Daily Column – 28th January 2022

It looks like the glory days of meme stocks are over. Same goes for the trading app that propelled them to fame.

When Robinhood reported a bigger loss than expected and said that it expected to make less money in the first quarter than it did last year, the stock fell about 12% after-hours Thursday.

Investors have been asking lots of tough questions of the company recently. There’s been a big drop in Robinhood’s stock since it was at its high last August. It was once worth about $60 billion, but now it’s worth less than $10 billion, not $60 billion.

Sign of the times: Robinhood, which had been the king of the App Store, has fallen to #16 in the finance category alone. Even the IRS app is more popular.

To explain what happened, let’s rewind

One year ago, Robinhood got a lot of hate on the internet because it stopped people from trading in GameStop and other stocks that were very volatile. As soon as there was a lot of confusion, Robinhood said that “extraordinary” things happened that led to it being forced by regulators to stop trading in order to meet clearinghouse deposit requirements.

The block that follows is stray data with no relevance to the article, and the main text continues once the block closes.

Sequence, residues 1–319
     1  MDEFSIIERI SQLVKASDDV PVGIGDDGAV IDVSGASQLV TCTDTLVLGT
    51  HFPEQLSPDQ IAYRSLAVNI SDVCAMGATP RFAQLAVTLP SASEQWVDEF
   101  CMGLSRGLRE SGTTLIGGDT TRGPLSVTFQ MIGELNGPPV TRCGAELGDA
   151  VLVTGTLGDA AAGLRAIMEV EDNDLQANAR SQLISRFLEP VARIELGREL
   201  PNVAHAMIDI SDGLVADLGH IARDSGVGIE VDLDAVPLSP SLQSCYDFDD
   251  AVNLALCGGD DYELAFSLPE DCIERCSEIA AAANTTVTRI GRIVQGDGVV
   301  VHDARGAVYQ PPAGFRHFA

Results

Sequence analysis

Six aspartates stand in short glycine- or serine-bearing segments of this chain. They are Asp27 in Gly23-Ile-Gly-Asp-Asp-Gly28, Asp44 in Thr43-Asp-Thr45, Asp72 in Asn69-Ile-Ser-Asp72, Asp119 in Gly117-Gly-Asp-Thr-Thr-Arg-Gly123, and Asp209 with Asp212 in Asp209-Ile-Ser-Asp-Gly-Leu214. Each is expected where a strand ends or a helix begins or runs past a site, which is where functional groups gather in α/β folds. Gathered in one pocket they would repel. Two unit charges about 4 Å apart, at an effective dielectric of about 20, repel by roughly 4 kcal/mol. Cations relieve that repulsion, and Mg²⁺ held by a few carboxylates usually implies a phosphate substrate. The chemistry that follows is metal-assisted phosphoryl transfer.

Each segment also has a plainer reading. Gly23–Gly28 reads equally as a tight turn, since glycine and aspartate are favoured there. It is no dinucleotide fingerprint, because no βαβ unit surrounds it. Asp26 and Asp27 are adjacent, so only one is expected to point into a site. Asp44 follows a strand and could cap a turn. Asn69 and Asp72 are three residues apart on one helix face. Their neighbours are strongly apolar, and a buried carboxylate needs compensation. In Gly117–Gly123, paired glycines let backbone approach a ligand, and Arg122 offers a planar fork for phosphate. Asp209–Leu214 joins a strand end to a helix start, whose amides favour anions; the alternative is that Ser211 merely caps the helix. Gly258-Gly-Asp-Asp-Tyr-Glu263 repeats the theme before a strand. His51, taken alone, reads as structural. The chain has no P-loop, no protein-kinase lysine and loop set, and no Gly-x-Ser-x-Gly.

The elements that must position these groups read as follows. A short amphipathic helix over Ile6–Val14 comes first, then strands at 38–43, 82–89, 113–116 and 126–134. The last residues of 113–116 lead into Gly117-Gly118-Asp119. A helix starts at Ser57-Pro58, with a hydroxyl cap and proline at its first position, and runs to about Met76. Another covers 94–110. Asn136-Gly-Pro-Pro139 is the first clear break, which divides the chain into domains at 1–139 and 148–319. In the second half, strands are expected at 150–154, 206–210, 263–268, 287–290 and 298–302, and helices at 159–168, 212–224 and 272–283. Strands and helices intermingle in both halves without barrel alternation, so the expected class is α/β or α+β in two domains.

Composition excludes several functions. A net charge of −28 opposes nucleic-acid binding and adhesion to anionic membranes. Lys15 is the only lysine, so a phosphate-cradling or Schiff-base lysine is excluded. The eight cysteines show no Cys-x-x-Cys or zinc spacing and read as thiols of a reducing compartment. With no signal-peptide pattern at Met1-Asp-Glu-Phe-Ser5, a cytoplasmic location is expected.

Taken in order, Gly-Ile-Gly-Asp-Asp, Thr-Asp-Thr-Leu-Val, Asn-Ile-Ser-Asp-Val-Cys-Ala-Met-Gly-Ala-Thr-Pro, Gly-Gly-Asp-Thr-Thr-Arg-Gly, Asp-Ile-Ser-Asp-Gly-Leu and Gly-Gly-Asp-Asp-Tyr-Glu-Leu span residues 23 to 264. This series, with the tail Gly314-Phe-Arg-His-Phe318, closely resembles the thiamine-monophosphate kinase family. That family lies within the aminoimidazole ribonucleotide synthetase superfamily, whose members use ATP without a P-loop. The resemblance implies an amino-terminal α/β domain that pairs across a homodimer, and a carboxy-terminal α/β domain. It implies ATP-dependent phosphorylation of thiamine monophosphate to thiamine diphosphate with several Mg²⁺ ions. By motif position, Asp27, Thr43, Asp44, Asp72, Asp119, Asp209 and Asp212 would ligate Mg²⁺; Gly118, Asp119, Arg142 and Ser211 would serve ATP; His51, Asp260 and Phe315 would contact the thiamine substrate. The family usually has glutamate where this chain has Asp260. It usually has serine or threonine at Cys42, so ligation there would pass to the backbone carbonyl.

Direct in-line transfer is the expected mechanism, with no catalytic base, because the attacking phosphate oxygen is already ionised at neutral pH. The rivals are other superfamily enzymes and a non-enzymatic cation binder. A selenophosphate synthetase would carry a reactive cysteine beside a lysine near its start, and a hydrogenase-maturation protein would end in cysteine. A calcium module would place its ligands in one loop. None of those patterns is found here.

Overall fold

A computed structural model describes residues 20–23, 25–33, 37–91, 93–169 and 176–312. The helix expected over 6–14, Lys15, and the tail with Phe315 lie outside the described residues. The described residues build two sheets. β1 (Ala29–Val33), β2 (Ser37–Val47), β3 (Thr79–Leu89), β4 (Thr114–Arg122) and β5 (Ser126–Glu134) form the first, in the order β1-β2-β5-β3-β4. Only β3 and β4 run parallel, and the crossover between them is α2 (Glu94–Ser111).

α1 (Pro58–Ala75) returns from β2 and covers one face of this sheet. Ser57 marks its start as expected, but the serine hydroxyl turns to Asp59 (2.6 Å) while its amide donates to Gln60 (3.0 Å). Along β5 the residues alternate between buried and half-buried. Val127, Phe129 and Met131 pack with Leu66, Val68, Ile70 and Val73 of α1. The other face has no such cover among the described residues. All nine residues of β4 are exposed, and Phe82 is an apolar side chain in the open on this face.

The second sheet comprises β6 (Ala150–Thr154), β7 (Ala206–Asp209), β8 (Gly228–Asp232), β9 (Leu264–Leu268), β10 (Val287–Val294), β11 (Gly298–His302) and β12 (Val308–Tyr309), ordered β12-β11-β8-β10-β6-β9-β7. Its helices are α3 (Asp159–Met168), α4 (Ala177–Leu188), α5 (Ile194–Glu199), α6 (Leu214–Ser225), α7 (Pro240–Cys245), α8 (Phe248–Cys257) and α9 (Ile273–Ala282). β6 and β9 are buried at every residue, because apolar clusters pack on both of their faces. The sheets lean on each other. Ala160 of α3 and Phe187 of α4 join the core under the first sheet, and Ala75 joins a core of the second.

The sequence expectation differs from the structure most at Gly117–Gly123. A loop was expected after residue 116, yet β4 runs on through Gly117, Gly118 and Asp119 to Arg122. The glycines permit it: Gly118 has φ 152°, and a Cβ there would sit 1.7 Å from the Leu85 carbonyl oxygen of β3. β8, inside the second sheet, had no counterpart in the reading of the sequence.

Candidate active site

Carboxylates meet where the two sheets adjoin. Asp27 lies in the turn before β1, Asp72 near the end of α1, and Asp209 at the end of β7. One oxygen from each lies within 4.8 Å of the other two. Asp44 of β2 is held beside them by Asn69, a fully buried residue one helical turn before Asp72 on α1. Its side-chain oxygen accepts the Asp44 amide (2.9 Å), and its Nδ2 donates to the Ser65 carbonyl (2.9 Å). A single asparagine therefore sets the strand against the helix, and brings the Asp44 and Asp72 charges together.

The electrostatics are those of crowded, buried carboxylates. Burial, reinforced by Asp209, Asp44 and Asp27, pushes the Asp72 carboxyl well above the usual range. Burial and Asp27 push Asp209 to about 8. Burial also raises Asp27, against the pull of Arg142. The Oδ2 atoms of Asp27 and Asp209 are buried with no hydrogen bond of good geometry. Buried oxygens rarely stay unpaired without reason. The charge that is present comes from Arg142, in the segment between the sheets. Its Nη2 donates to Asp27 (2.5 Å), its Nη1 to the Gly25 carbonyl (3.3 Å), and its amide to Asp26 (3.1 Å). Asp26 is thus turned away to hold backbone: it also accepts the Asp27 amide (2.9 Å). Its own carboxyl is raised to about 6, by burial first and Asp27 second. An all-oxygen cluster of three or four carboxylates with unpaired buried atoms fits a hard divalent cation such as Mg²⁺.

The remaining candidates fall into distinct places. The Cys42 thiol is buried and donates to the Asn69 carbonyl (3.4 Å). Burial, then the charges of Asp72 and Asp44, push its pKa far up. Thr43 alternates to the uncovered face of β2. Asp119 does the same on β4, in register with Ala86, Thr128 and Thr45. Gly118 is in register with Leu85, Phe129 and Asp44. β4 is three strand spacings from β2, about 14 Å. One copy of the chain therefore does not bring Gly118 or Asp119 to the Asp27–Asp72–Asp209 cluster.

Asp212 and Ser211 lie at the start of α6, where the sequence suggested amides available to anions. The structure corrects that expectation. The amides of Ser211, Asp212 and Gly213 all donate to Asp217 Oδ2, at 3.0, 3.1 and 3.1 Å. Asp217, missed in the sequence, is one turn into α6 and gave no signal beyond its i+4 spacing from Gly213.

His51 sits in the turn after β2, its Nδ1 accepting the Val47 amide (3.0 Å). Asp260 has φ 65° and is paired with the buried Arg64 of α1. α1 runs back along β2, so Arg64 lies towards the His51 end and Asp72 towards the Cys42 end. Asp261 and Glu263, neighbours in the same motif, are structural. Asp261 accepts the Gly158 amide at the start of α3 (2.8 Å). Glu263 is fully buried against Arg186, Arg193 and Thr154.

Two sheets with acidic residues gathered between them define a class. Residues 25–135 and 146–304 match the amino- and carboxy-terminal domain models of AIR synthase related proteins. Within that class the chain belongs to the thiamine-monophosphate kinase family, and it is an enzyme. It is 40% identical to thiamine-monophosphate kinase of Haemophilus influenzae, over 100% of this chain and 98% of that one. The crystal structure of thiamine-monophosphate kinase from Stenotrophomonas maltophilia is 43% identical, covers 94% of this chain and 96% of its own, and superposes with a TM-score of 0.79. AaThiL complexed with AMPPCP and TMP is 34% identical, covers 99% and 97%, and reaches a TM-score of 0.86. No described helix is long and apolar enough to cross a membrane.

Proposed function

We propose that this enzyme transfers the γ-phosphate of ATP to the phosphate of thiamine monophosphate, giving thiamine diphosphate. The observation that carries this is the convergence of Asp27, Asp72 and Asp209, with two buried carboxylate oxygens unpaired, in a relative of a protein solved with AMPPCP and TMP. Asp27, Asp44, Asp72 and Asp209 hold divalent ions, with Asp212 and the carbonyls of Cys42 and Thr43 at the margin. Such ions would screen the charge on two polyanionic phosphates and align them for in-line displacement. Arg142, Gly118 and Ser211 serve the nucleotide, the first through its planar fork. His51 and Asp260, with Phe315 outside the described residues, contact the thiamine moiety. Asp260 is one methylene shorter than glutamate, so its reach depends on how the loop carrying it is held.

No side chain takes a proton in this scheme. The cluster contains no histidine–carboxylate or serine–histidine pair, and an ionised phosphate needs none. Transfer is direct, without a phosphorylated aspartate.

While the trading pause was only for a short time, its effects still last.

Robinhood has been sued by people who say the restrictions on individual traders caused them to lose money. This month, Robinhood paid out its first arbitration award.

It also lost a lot of its good name. Before January 28, 2021, it was thought of as the champion of the individual trader. After that, it was thought of as the friend of Wall Street.

This is what Robinhood said in a statement about the events of last January. It said that it took a number of steps to make sure that trading restrictions would never happen again. These steps included strengthening its net capital position and improving its compliance and risk infrastructure.

Big picture: In early 2021, the Robinhood app was a must-see for a new generation of individual investors because stock and crypto prices changed so much each day. Bloomberg Opinion’s Jared Dillian says the app looks less appealing now that meme stock mania has faded, markets are nervous about interest rate rises, crypto prices are down, and hyperactive day trading has been partly replaced by “buy and hold” strategies. This is because hyperactive day trading has been mostly replaced by “buy and hold” strategies.

Looking at the next few years…

If Robinhood has a low share price and a lot of people who want to use it, some analysts think it might get bought.

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